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  • Writer's pictureLawrence

Sustainable Design - Take the Passivhaus approach.

Updated: Jun 29, 2020

What is Passivhaus?

The Passivhaus Standard was developed in Germany in the early 1990s and is now a leading assessment method and design methodology for energy efficient buildings. It is one of the best ways of proving that a project meets very high sustainability standards.

The standard focuses on reducing the energy consumption (heat loss) of a building by having high levels of insulation, high quality windows and doors, together with an ‘air-tight’ construction which uses mechanical ventilation and heat recovery. All of these things help to ensure that heat generated within the building stays inside for as long as possible.

Advantages of Passivhaus

Beyond energy consumption, the standard has many other advantages for the for the user of a passivhaus building. Occupants record higher levels of comfort due to the prevention of drafts and more stable internal temperatures and ventilation rates. High levels of insulation means that there is much less risk of condensation forming on internal surfaces which can lead to mould growth and respiratory problems.

How to get Certified?

In order to be certified as a Passivhaus, a building must meet all of the requirements established by the Passivhaus Trust. This involves modelling the proposed design in a software package (known as PPHP) to ensure that it meets the necessary standards for heat loss. Further documentation, including construction drawings and photos during construction are then issued to a registered Certifier for completion.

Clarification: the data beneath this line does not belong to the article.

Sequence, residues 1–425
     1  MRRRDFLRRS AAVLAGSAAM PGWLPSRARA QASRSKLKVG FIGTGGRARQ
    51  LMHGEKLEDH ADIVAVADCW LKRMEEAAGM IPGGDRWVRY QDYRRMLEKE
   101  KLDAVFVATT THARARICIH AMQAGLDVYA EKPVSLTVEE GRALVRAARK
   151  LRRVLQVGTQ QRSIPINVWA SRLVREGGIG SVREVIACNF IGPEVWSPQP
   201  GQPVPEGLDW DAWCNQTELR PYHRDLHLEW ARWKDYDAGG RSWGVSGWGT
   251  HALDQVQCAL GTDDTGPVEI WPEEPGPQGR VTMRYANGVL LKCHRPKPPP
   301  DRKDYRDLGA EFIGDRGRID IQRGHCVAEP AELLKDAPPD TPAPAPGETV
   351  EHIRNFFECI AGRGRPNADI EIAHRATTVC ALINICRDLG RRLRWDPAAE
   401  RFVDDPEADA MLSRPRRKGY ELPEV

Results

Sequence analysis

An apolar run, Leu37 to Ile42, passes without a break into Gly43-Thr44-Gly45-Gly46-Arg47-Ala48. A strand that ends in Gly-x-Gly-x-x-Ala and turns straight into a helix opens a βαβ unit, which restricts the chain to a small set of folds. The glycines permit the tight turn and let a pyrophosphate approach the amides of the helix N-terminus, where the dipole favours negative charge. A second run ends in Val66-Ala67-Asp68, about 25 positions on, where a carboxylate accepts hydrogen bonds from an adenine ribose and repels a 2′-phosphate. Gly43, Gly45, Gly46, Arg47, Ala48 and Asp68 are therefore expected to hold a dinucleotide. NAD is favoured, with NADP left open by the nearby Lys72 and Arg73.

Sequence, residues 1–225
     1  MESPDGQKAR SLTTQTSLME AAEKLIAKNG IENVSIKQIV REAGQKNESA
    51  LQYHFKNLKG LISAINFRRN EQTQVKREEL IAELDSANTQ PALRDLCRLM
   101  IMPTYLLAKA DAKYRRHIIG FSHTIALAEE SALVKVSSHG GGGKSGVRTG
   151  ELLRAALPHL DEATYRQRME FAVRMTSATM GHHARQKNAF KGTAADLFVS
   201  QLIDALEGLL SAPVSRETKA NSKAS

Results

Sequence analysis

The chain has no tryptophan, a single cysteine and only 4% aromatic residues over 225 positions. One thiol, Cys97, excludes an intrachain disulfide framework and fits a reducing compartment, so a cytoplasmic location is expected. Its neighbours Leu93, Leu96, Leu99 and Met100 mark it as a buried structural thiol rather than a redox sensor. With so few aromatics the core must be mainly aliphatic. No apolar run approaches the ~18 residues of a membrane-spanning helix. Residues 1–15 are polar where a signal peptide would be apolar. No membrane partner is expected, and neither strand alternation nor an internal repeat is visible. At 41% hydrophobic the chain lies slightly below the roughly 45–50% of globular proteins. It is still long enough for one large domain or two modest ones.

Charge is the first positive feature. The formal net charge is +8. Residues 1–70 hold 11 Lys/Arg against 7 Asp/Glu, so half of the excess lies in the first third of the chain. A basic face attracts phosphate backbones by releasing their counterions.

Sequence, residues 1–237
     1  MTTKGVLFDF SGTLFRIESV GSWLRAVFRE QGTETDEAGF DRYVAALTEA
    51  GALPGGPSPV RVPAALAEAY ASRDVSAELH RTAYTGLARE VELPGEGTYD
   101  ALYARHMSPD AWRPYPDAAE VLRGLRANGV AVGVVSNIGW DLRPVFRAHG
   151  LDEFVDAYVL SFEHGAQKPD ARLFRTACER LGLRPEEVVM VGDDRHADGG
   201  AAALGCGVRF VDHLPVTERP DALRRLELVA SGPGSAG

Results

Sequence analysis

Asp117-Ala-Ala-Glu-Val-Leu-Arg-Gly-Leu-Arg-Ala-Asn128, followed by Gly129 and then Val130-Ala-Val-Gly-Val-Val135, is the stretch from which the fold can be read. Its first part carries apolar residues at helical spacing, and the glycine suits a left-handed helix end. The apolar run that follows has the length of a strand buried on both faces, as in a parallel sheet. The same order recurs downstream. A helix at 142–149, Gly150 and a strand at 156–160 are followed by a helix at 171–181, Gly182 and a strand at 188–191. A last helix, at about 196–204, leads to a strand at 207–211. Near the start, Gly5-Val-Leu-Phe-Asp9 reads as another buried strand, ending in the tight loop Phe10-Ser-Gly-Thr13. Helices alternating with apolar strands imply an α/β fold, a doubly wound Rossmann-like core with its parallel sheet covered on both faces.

Project Focus

Wellington Lane in was an eco house project in Bristol which adopted Passivhaus principles. I led the project from concept to completion, gaining planning consent and producing the necessary technical drawings for the project. I remained in close contact with the contractors Earthwise Construction throughout the construction process in order to monitor air-tightness, thermal bridges and respond to technical queries as they arose.

In this case the client chose not to pursue the full certification for the project, but the principles and methods were adopted in full. 4 years later, the clients remain very happy with how the design has reduced their energy costs and keep the house warm and cosy throughout the year.

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